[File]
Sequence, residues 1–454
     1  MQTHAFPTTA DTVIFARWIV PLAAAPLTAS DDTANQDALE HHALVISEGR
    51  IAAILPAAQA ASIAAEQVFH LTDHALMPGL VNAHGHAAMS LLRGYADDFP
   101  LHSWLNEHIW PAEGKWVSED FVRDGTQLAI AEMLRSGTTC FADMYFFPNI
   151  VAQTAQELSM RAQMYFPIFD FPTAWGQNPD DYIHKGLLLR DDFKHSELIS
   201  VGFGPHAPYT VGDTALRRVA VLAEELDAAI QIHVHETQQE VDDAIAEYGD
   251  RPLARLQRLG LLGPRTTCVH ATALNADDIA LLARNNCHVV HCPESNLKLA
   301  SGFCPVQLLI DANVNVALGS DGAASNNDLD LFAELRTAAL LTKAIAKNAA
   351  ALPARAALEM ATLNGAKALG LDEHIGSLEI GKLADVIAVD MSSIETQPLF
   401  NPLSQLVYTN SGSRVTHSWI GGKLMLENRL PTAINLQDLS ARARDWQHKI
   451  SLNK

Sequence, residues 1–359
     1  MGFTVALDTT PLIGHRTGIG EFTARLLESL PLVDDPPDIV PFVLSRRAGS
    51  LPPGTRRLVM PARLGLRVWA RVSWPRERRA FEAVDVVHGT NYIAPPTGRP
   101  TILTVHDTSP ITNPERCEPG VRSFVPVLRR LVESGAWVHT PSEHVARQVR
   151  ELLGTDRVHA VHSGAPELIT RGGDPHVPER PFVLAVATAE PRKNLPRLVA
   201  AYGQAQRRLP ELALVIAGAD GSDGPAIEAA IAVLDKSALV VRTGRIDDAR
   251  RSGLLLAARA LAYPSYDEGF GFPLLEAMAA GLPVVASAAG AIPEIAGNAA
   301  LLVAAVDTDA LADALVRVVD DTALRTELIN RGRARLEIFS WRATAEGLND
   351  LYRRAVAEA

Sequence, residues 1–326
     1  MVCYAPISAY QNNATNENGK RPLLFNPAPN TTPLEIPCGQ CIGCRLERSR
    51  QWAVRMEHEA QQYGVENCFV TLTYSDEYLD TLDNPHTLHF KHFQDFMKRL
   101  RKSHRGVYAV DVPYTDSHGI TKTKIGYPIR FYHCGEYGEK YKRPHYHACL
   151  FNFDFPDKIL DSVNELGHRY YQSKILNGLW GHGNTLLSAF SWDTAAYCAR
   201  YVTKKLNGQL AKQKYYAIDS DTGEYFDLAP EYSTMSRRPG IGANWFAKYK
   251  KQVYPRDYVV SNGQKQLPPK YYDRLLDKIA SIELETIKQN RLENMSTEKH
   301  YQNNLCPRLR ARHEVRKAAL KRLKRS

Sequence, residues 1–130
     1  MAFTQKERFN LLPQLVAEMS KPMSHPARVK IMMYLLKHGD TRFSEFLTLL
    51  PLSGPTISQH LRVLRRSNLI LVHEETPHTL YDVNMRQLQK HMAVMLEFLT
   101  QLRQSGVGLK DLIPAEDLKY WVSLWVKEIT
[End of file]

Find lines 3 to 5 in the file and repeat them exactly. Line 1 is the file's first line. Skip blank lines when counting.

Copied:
    51  IAAILPAAQA ASIAAEQVFH LTDHALMPGL VNAHGHAAMS LLRGYADDFP
   101  LHSWLNEHIW PAEGKWVSED FVRDGTQLAI AEMLRSGTTC FADMYFFPNI
   151  VAQTAQELSM RAQMYFPIFD FPTAWGQNPD DYIHKGLLLR DDFKHSELIS